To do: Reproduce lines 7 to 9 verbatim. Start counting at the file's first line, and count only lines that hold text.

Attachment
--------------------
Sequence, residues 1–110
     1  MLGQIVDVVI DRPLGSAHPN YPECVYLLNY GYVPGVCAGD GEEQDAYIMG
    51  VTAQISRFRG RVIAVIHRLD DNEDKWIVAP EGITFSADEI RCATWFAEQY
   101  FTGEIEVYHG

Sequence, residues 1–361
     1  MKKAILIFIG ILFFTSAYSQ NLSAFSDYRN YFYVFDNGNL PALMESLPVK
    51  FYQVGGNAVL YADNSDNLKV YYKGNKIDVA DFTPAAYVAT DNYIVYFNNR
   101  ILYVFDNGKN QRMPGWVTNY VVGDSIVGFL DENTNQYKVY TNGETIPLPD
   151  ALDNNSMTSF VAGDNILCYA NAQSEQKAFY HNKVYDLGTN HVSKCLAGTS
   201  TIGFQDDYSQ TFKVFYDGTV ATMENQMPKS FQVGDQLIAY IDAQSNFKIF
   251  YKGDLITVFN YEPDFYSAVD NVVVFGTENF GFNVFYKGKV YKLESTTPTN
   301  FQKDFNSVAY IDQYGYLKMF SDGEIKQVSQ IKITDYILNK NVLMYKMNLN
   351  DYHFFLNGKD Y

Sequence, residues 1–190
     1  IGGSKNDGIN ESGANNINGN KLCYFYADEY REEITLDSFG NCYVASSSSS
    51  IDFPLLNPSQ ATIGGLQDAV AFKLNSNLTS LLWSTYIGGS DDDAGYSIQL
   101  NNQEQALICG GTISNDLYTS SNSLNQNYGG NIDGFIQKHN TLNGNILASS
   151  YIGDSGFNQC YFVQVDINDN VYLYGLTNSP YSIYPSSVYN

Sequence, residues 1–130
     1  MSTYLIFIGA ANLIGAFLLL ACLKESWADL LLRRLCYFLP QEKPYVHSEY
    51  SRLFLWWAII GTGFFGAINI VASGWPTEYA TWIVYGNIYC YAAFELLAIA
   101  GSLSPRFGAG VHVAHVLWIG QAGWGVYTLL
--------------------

    51  FYQVGGNAVL YADNSDNLKV YYKGNKIDVA DFTPAAYVAT DNYIVYFNNR
   101  ILYVFDNGKN QRMPGWVTNY VVGDSIVGFL DENTNQYKVY TNGETIPLPD
   151  ALDNNSMTSF VAGDNILCYA NAQSEQKAFY HNKVYDLGTN HVSKCLAGTS